Tooele Transcript Bulletin – News in Tooele, Utah

April 29, 2013
Angelic Cake

What I remember most about angel food cake has nothing to do with baking a perfect cake, cutting it into thick slices, and serving them in big bowls with syrupy strawberries and ice cream. My memories of the cake go back to graduate school where I studied the organoleptic qualities of angel food cake. What that means is that I spent hours in the lab baking cakes to find out how little flour I could get away with and still have a decent tasting cake. For the marathon bake-off, I spent an entire day separating eggs, weighing the whites into small containers, and labeling them for the freezer. By the time I finished, my hands were slick from egg whites, and I could probably have separated an egg with my eyes closed.

It wasn’t until much later that I learned angel food cake was probably invented by frugal Pennsylvania Dutch cooks who created the recipe to use leftover egg whites. In their knowing way, they must have understood something about chemistry. The batter is mostly egg whites, which are beaten until foamy and folded with flour and sugar. In the oven, the airy foam produces steam, which makes the cake rise. To conserve as much air as possible, bakers turn off the mixer the moment the whites form perfect peaks. They also go easy on the folding.

Now I am getting another shot at the angel food cake, but this time it’s deliciously different. This version, with fresh thyme and lemon zest, has not been tweaked with experimental amounts of anything and is ideal for layering with fruit and ice cream.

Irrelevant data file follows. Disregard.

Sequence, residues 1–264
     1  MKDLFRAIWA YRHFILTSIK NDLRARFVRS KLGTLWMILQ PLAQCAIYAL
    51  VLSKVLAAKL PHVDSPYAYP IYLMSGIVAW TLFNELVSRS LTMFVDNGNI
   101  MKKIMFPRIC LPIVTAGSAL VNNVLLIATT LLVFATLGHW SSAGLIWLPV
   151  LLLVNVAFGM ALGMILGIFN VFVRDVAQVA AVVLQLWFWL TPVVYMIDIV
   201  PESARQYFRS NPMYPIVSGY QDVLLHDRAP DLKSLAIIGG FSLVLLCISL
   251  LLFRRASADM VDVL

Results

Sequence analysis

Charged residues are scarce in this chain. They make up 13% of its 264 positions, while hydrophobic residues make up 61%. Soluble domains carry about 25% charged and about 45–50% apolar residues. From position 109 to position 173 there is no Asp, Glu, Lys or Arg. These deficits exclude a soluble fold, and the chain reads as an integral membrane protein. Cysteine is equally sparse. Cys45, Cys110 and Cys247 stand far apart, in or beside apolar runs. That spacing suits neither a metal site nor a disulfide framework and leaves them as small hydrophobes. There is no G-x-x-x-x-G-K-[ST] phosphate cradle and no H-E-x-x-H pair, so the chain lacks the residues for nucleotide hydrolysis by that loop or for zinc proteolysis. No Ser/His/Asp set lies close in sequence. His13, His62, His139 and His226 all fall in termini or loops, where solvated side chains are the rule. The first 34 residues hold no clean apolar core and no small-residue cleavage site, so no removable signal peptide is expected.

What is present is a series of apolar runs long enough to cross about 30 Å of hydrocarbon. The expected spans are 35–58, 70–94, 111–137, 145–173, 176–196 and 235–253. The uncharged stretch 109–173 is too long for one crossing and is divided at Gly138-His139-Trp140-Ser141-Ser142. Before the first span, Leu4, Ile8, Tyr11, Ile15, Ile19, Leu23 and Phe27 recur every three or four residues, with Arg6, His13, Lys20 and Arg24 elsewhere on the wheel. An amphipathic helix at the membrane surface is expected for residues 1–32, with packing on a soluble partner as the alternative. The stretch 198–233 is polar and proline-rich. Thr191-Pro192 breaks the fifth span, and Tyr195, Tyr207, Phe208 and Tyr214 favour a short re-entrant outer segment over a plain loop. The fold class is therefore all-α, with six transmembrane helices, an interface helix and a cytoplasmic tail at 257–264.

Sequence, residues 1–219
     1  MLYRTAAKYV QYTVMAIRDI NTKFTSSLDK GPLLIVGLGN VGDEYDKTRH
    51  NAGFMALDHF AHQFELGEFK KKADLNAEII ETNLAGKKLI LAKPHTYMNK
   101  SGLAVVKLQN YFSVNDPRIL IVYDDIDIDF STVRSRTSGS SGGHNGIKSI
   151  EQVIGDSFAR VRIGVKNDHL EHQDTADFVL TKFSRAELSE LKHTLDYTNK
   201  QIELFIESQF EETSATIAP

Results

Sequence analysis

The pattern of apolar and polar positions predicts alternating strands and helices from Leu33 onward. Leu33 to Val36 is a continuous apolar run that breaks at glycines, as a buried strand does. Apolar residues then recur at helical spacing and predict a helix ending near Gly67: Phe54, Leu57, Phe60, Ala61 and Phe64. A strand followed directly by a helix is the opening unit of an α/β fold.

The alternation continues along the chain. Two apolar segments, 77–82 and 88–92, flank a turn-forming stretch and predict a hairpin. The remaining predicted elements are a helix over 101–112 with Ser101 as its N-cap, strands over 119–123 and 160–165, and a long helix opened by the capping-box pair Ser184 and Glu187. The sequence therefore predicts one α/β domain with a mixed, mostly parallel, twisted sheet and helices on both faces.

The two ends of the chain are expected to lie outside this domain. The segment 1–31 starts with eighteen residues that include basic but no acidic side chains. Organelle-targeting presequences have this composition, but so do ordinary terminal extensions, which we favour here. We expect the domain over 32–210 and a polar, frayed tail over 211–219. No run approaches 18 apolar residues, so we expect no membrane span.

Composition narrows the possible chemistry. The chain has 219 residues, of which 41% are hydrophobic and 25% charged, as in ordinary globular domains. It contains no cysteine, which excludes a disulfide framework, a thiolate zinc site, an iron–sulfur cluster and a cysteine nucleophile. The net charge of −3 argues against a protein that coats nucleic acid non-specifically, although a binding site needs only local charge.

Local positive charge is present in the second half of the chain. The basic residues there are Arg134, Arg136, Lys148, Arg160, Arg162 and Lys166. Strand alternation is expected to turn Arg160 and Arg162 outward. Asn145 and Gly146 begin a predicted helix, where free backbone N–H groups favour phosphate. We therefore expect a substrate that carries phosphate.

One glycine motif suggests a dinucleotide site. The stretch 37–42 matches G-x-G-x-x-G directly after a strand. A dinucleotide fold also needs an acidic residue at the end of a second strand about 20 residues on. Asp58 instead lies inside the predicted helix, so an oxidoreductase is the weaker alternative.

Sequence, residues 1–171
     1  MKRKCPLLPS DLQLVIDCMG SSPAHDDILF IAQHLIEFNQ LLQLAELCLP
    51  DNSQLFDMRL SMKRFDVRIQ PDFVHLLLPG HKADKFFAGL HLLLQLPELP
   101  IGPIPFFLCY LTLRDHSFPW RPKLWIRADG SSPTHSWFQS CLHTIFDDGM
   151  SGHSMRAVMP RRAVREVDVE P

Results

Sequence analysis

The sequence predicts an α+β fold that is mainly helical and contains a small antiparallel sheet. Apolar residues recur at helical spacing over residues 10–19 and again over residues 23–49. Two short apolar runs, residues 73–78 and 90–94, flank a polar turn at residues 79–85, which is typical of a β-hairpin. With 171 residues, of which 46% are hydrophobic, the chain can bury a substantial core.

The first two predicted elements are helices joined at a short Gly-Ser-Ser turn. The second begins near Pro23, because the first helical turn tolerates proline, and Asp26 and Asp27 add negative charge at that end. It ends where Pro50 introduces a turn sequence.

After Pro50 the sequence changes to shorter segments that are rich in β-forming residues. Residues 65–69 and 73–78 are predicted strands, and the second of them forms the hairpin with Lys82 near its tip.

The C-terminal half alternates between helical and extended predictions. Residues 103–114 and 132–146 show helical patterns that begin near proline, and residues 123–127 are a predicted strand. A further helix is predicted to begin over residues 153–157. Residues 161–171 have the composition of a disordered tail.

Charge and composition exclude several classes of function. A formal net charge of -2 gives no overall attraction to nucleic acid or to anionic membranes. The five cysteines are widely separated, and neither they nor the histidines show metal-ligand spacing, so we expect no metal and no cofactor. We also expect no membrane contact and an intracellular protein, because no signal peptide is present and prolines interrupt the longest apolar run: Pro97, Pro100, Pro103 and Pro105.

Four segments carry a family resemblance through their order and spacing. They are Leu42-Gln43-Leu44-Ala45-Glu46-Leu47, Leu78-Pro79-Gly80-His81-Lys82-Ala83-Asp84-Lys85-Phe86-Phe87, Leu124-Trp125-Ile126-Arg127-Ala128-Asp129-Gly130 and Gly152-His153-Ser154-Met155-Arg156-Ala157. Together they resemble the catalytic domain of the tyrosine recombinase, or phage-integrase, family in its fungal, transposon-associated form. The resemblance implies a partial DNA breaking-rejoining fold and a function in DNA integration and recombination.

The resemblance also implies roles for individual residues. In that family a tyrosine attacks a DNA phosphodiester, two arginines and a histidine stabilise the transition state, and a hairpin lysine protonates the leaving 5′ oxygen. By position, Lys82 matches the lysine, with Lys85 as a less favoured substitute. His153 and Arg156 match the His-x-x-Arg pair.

Thyme Angel Food Cake


1  cup cake flour

1/2  cup powdered sugar

10  egg whites, room temperature

1  teaspoon cream of tartar

1/2  teaspoon salt

3  tablespoons lemon juice

1  cup granulated sugar

3  tablespoons stemmed thyme leaves

2  tablespoons finely grated lemon rind


1. Preheat oven to 350F.

2. Sift flour and powdered sugar together.

3. Beat egg whites with a mixer at high speed until foamy. Add cream of tartar and salt; beat until soft peaks form. Beat in lemon juice, then beat in granulated sugar in 2-tablespoon increments, allowing each to become incorporated before adding the next. Beat in thyme and lemon rind.

4. Fold flour mixture into egg white mixture with a rubber spatula. Spoon batter into an ungreased 10-inch tube pan.

5. Bake 35 minutes or until cake is lightly browned and springy to the touch. Invert pan; cool completely. Loosen cake from sides of pan using a narrow metal spatula. Transfer cake to a serving plate.


Recipe by Bruce Weinstein and Mark Scarbrough.


Per serving: 140 calories, 0g fat, 0mg chol., 4g prot., 32g carbs., 1g fiber, 140mg sodium.



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Photo credit: Mark Boughton Photography; styling by Teresa Blackburn

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